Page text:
Newspaper Page Text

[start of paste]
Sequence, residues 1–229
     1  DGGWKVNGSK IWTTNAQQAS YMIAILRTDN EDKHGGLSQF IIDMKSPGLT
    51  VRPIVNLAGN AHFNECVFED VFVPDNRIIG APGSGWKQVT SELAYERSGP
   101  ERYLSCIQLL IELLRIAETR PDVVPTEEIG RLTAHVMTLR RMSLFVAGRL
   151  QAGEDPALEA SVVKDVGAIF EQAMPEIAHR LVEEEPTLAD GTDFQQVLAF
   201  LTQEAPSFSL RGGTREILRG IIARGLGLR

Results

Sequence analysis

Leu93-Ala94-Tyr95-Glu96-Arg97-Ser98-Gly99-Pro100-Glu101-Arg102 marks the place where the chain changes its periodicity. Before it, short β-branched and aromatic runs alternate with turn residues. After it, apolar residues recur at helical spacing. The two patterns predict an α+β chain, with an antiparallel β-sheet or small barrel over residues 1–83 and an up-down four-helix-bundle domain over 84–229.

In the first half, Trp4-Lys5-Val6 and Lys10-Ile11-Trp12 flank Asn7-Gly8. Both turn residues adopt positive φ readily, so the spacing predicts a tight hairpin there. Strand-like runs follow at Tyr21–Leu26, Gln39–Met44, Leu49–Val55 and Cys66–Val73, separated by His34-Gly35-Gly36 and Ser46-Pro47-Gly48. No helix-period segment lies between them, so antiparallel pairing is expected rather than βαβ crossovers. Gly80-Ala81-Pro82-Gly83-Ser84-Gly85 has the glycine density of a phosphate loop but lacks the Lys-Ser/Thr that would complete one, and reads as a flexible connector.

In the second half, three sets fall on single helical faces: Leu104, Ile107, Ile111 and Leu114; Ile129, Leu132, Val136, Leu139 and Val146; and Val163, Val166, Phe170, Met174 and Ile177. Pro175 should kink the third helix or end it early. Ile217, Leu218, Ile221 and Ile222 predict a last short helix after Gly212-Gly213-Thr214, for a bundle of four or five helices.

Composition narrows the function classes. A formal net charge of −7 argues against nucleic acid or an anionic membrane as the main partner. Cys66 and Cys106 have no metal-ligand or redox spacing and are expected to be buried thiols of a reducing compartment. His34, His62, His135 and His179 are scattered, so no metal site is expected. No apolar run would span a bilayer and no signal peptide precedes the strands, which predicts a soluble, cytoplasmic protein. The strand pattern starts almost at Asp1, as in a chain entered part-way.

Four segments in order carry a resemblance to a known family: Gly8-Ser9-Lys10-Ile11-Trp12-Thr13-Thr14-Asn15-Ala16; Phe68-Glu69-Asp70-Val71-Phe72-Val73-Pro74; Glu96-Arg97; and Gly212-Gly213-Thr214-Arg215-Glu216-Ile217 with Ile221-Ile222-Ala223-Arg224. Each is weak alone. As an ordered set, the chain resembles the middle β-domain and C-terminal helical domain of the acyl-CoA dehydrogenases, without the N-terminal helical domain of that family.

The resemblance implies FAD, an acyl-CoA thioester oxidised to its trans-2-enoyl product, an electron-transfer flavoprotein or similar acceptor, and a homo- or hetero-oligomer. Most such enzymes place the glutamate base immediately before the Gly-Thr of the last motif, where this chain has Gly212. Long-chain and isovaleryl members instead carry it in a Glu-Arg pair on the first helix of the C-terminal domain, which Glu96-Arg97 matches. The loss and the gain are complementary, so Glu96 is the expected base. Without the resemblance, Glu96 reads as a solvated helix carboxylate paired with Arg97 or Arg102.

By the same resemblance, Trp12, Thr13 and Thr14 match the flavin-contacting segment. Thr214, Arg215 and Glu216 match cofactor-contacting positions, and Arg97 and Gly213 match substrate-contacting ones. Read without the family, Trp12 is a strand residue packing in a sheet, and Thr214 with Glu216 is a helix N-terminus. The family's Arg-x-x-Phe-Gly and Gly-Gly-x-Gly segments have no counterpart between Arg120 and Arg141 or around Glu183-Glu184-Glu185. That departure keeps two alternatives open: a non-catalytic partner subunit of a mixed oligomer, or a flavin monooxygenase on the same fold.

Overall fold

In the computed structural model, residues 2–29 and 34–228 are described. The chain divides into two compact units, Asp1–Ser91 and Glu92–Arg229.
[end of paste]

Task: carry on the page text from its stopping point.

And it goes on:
ONE Math Kovac: OUR v Enter "Balkan" 0 IdlUrltl Office*. M4I Porbes Street, PtMsbargfe LB, H. Telephones: ML'seam 2-4470 2-4471 I naolicilpd artlrlr*. rainstr rlptt. letter*, plettrrt. etc., Ihis "ZAJEDNIČAR" THE Marie Sekel, See'y. will not loui V were 1 (Girl Scouts—P. 1Q| -j- c/c 4: John Doe-o-vich *1 \n\n National Home Offices CROATIAN FRATERNAL UNION Pittsburgh, Pennsylvania Life Begins ... OF the early, more pleasant sur prises of the Society's current Mem bership Campaign has been the outstanding work field of bro. Math Kovacevich. Los foremost Field Worker for the first two months of its 1958-59 Campaign. His closest competitor during that highly profitable stretch of campaigning in the United States. Canada and Alaska was bro. August Herceg, Schumacher. Ont., Lodge 930. who was credited with a highly commendable 157 Points. And that's about the only thing they have in common—recruiting zeal. For bro. Kovacevich celebrated his 71st birthday Feb. 12 last and bro. Herceg won't be 37 until Sept. 17. 1958. Quite a difference in years. But not one whit in fraternal ardor. We have yet to make the acquaint ance of bro. Herceg, who seems to be fol lowing the old tradition of keeping Schu macher in the Society's recruiting orbit. Bro. Kovacevich. on the other hand, is a good friend of long standing. We cannot recall a Membership Cam paign 3ince our arrival on the CFU's Capitol Hill scene back in 1940 which did not have the suppćrt of the present 3rd Vice Presi dent of the Society. Nor can we forget his recruiting accom plishments during 1953. the year bro. Ko vacevich's Lodge 177 celebrated its 60th Anniversary of affiliation with the Croa tian Fraternal Union. His 1953 record:—326 Points. His reward:—An engraved CFU Pen and Pencil Set for having finished 17th among the more than 1.000 Field Workers who participated in the Campaign of that year. Now he is back in the saddle again. Our congratulations and best wishes for continued success in the future to him and his recruiting counterpart in Schumacher. They should make good "copy" for the duration of this Campaign. Whiting Story THREE Lodges in Waiting, Indi ana. are an excellent collective ex ample of what a CFU center should do when the first signs of passiveness set in. Take the bull by the horns! Appalled by the steady decline in recent years of local Lodge social activity and the apparent lessening of the spirit of frater r.alism and enthusiasm among the member ship, a representative group of Whiting Ledges 57 and 805 members sat down not so long ago to take stock of themselves and their fellow frateriialists. Instead of throwing in the proverbial sponge—instead of blaming others for the plight of all—these members decided that a Joint Picnic on Juh' 13, 1958, should be the first order of business in a drive to rea-.vaken communit} -wide interest in the Croatian Fraternal Union. WEDNESDAY, MARCH 12, 1958 Angeles. 3rd Vice-Presi dent of the Croatian Fra ternal Union. An "oldster" who re fuses to sit on the side lines and watch the world go by—something he could have done long ago—bro. Kovacevich as tounded himself and his many friends by amass ing 181 Points during January and February to emerge as the Society's Which may well be what the doctor ordered in cases of similar stripe. Interesting to note here is that the men of Whiting Lodges 57 and 805 took the first step in this direction. Which is an example of chivalry in this Space Age, for the majority of the members of Waiting's other Lodge (No. 95) happen to be on the fair sex side of life. But it will still be a united front. The members of all three Lodges will share and share alike in the end. As they will learn when the next meet ing of the group is held Tuesday, March 18, in Whiting's Community Center. Here is a movement we are going to watch with more than passing interest in these times when so many fraternal or ganizations are suffering front inagtive-itin. ENGLISH SECTION Established November s, 19:9. Published weekly By The Croatian Fraternal Dnion Of America STEPHEN F. BRKICH. English Editor abmltled t* THE 7 A JED NIC AB «re fer»rdrd at tke »KDcr'i rtek and THK ZAJEIJMCAR »pr»Ml ieilH ttn reBpon«ibilitT for their lafekeepiac or retmra. TUB ZAJEDNITAB reierTM the rifkt to edit, er(M or reject •ny article or other matter nbmltM for pablleatiea. "E" For Effort ALTHOUGH IT was well publicized far in advapce of its running dates, the Society's 15th Annual Basketball Tourna ment won't attract any more than 13 adult and juvenile teams to Youngstown. Ohio, this weekend of March 15-16. The official schedule of play shows 7 Lodge and 6 Nest quints in the fold —hardly something to shout about from the roof tops, but a passing grade when it is remembered that the hardwood sport has never been much of a drawing attrac tion within the "bowling minded" limits of the Croatian Fraternal Union. Basketball teams are a costly enter prise, and it takes a well heeled Lodge or Nest to keep them in business throughout the long, often drawn out, season which brings the better ones to tourney time and a payoff in trophies, etc. If nothing else, this year's cage clas sic will be a cozy affair involving teams from but two areas, the State of Ohio and the Commonwealth of Pennsylvania. Ohio has entered 4 combinations, Penn sylvania 9 bidders for the division cham pionships. Two Lodge and as many Nest teams will speak for the Buckeye State. Representing the Keystone State will be 5 Lodge and 4 Nest crews. Save for a lone Nest entry from Cleve land, it will be 3 Youngstown teams against the field Saturday and Sunday, March 15 16. for the championships and accolades. Pennsylvania, on the other hand, will have teams from Conway, Farrell, Etna, Monessen. Johnstown and Steelton on deck for the two-day showdown in the spacious Ursuline Catholic High School Gymnasium at 750 Wick Ave.. Youngstown. No, it won't be the biggest such hard wood tryst in the Society's books. But the battles for the divisional crowns will be fought as hard as if the outcome meant the basketball supremacy of the Olympics, the N. I. T., or what have you. OST OF US take it for granted that we are living in a sophisticated day and age and let life go at that. Nothing bothers us. We take everything in stride. Talks of summit meetings, satel lites orbiting around the earth, television's impact on the average household, murders, loose morals, etc., leave most of us twid dling our thumbs. There is nothing new under the sun. So look blase, feel blase, be blase. But there is something new under the sun in our own cultural circles. It's the only recently organized "Bal kan" Singing Society of Cleveland, Ohio, a group of 28 men and women who feel that there is still plenty of room in this world for the propagation of a faith known only to followers of the choral arts. We welcome this new glee club to the Society's scene and congratulate its mem bers on taking a step which amounts to courage personified in these "crazy times." No, choral music doesn't send us. We can take it—or leave it. But that doesn't eliminate us from ad miring those who are willing to sacrifice time and money to promote such singing. Again, congratulations. In Passing Jimmy Hoffa and alleged co-con spirators actually did a e e o n e s o teamster officials and employees in the De troit headquarters of the union, there seems to be no question of their guilt under the controlling federal law. At the same time, if they did what they're accused of doing, their crimes would appear little more heinous than the everyday practices of thousands of respected businessmen. It is not to excuse Hoffa to point out that the use of wiretaps and "bugs"—electronic eavesdropping devices—is rapidly growing in the business world. =1— -—Beaver Falls, Pa* rtewsrlribuog Audry Suhayda Is Studying Nursing Father Member Of Print Shop Staff PITTSBURGH Pictured is Miss Audry Suhayda, a recent transferee to "Pitpa" CFU Lodge 706 from its Nest 516. Born on October 23, 1939, in Swiss vale, Pa., Audry is the daughter of John and Mary Suhayda. both members of Lodge 706. A u y S u a y a Bro. Suhayda has been employed as a linotype operator in the CFU Print Shop for many years. Audry attended a e school at St. Anselm in Swiss vale and graduated from Sa cred Heart High School in Pittsburgh with the class of '56. She is now attending Du quesne University, where she is studying Nursing. We take this opportunity to welcome Audry into our Pitpa ranks and wish her every suc cess in her studies and future career. This may not seem like a large item for the individ ual, but when you consider a Society like ours with a large volume of mail, which had postal expenses in 1957 in the amount of $4,841.10, then it becomes an item well woFth th'nking about. Which brings me to the point as to why the above in formation is necessary. A great deal of our corres jpondence results from the I fact that the Home Office I must return forms and appli cations back to the lodge sec retary because they were not filled out properly, or all the questions were not answered and in many cases are not signed by the member or the proper lodge officials. For this reason, I strong ly appeal to our lodge sec retaries to carefully cheek all forms and applications to make certain that they are filled out properly and signed by all proper per sons. By doing so, you Cost During 1957 Was Almost $5,000 PITTSBURGH From all indications, it appears almost certain that the U.S. Congress will raise the present postal rates from 3 cents to 4 cents for local mail and 5 cents for out of town mail. He Hobnobs With Prince and Peasant Alike IX This is the autobiography of Zlatko Balokovic, international ly famed violinist, a man uni versal by cholcc as well ns by chance, and a member nf Lodge $26 of thz Croatian Fraternal Union of America. DEEP love felt by the Americans of Yugoslav descent, as well as the admir ation and respect of the Ame rican people, for the heroic Yugoslavs enabled the Amer ican Committee for Yugoslav Relief to conduct throughout America one campaign after another. The direct and indirect effect of this was that help of the most varied kind was given in terms of millions of dollars. I was often deeply im pressed and touched by the spontaneous goodness, great heartedness and generosity of our people. At a banquet in Detroit, a collection was made in aid of the Committee for Yugoslav Relief, at which a coal miner rose and said: "I have saved $1,180 and I am giving it all to help the Yugoslavs, because 1 have a pair of strong hands and a roof over my head, while in Yugoslavia there- are hun dreds of thousands of those who suffer and have lost ev erything." From Suits to Jeeps Help came from all, and often unexpected, sides. e A e n i a n s a o n whom there are many second hand clothes merchants, as sisted our Committee by sell ing us men's suits in very good condition for a mere $3 We are happy to report I that we did successfully or-' ganize a new singing group under the name "Balkan" and I have been rehearsing for sev eral weeks now. i Practice sessions take place at the Croatian Home, 6314 St. Clair Ave., every i Monday night at 8:00 p.m. At present there are 28 members in this new chorus and we will be glad to accept any and all of you, young or, old, who wish to join us in happy songs. The following officers were elected at our first meeting: only help to keep our postal expenses reasonably low, but will save yourself and the Home Office much valuable time by eliminating unneces sary correspondence. Joseph Bella gup. Secretary Los Angeles Choir Is Staofng Spring Agenda LOS ANGELES The Croatian Chorus "Slavulj" wishes to announce that a special Mother's Day Dinner Dance will be held on May 11, 1958, at 4:00 p.m., in the Polish Hall, Crenshaw, Los The Zlatko Balokovic Story America Cheers Heroic Yugoslavs A Miracle Come To Pass In This Day and Agfl CLEVELAND, Ohio Not too long ago an article ap peared in the Zajedničar about the proposed organiza tion of a new local singing group. New Croatian Singing Society Organized In Cleveland Juliette Low's Contribution To Americana in 1912, no one would have thought to ask teen agers what they wanted or how they felt about the world they lived in. But fortunately for Ame rican girls there was a wo man, Juliette Low, in Savan nah, Ga., who was perceptive enough to borrow an idea al ready tested in England and adapt it to the American pattern of life. The movement that was flourishing in England un der the name "Girl Guides" became, in this country, a group of 12 Savannah girls who called themselves "Girl Scouts" in tribute to the scouts who helped to build our nation in pioneer days. Forty-six years ago, when Girl Scouting started in the United States, a girl had to be really "a van garde" to join a Girl Scout troop. Ifi thofig girls lived Andrew Ovchar heads the Drama Committee and our teacher is Vladimir Malekar, assisted by Reggie Resnick jat the piano. We have many exciting 1912- U. S. Girl Scouts- I958 BACK under fairly sheltered condi tions, and to belong to an organization that sponsored outdoor sports, camping, pa rades and realistic first-aid training was considered dar ing indeed. By today's standards, their Girl Scout uniforms look bag gy, but in the years preceding World War I, they NKLSOiV ROCKEFELLER, center, and Zb.ikn BrJckc. k, rf'-i, looking over of th? clothing collected by the Asnercan Committee for ur oslav Relief and sent to Yugoslavia dur ing the late stages of World War II. Mr. RockeTeller's ad*n"ra tion for the heroic peoples of Yugoslavia krsew no bounds durf ing their struggle against the merciless invaders. each. Dozen« of Jeeps were bought at enormous reduc tions so that the quickest possible help could be sent to the most remote and most damaged parts of Yugoslavia. American doc tors collected among them selves an enormous quanti ty of medical and surgical supplies. A separate Committee of Hollywood stars organized e n e a i n e n s a w i world famous artists made speeches about the miracles achieved by the Yugoslav Partisans and the importance of their struggle to the allied cause and the whole freedom Pete Malenich, Pres. Helen Kleps, Vice Pres. Jimmy Ku cinich, Treas. and Maria Procer, Sec'y. On our Board of Trustees we have Steve Shim its, Al Lucich, John Brr.tovich, and Milka Marovich. As Entertainment a i rman and Co-Chairman we chose Kay Kalich and Julia No vak, respectively. I Andy Ovchar and Joe Kor die are in charge of the Corn mittee on Music Techniques, I with Mitzi Turkal assisting as helper with the archives of music. loving world. One of the best known American radio commenta tors announced over an en ure network, which carnea his program, that he was sending $5,000 to the Amer ican Committe for Yugoslav Relief as one more expression of his and the American peo ple's sympathy for the heroic people of Yugoslavia. Post-War Concerts A year after the end of World War II I saw the ne cessity to visit Yugoslavia so that, on the basis of person al experience gained on the spot, and through conversa (Life Story—P. 10) events to look forward to this year. First of these is our com edy and concert, which will take place at the Croatian Home on May 4. The second is our picnic, to be held at the Croatian Home on June 1. Third will be our picnic of August 24, and fourth is onir concert on November 2. We hope all other organiza tions will take note of this schedule and help us by re fraining from having conflict ing events. Desire More Singers Of course, the above is not all we will do, for we have al ready been invited to sing in another state and are work ing on that now. Also, many (New Choir—P. 10) Girl Scout alumnae in elude Debbie Reynolds, e 11 e Davis, Margaret Bourke White and Rise Stevens. At the present time, there are 3 million Girl Scouts in the United States and in far flung overseas posts, from Iceland to Arabia, where fa milies of American business and military men are sta tioned. Many Uniform Changftt thought to be quite stylish. Twelve In First Unit The twelve girls who made up the first Girl Scout troop were daughters of neighbors and friends of Mrs. Low. Almost immediately inter est in the new movement spread to other parts of the country and more and. more girls began "joining up." In the nearly half century since its founding, more than 13 million American girls and women have been members of the Girl Scout organization in tfig United Statgft A member of one Of the first Girl Scout troops, Mrs. Edward S. Elliott of Savan nah, recalls that "the first uniforms of the Girl Scouts were made of dark blue denim or duck, middie blouse and skirt with a light blue sateen tie." Another of the pioneer Girl Scouts, Mrs. W. K. Dud ley of Suwanee, Tenn., de scribes the camp uniform as March 12, 1958 Bor Around With The Editor -J Ever wonder why pota toes are commonly referred to as "spuds?" Answer: "Spuds" Is the abbreviation of the Society for The Prevention of Un wholesome Diets" whioii was formed by Englishmen in protesting the introduction of potatoes into the British diet by early American colonist3. Faofc Get Away D.indng is the art of get- ting your feet out of the way faster than your partner can i step on them. i Let 'E n Eat Cake However plentiful silver dollar- v not be distributed gifts among the people. Pres. Graver Cleveland yr Live a^d Learn "Eleventh hour," "By the skin of my teeth," and "See how the land lies," are all of Biblical origin. Innocents Abroad She: What's the dif ference' between the European plan and the American plan in hotels He: The American plan is where the hotel starves you and the European plan is where you starve yourself. •k Humane Order Th»» Nat'l Society -ittr Crippled Children and Adults is a nationwide organization with 1,655 Easter Seal affili ates in all 48 States, the Dis trict of Columbia, and the Territories of Alaska, Hawaii and Puerto Rico. -,v We Doff Our Hat Organized in March of 1854 at St. Louis. Mo., the Czechoslovak Society of Am erica is the oldest fraternal benefit society in the United States. Unanswered Ques. Credi' Pres. Theodore Roosevelt 'with coining the phrase "Good to the last drop!" And countless others with since asking "What's wrong with the last drop?" Relatively New Gas was first discovered in Arkansas at Fort Smith back in early 1887. Operatic Canal Verdi's ageless opera "Aida" was commissioned for use as part of the festivities celebrating the opening Nov. 17, 1869, of the Suez Canal. Lest We Forget Leningrad was nrfder siege by the Germans for 17 months in World War II. The Poor of Paree "Arter me the deluge" was a phrase made famous by Madame De Pompadour and used by Louis XV to ex^ press indifference to the wel fare of the people of?#1ranee. Wrong Cheaters Optometrists claim that 10 of those who wear glasses aren't aware of the, fact that their nose pieces? are actually harming their sight. This Crazy Sphere Three-fourths of the earth's surface is under wa ter, and most of the rest of it is all wet. In Passing The teacher played the "Star Spangled Banner" and asked her first grade pupils to identify it. "That's easy," shouted a youngster from a back seat. "It's what they play every Friday on T-V just before th#" fights."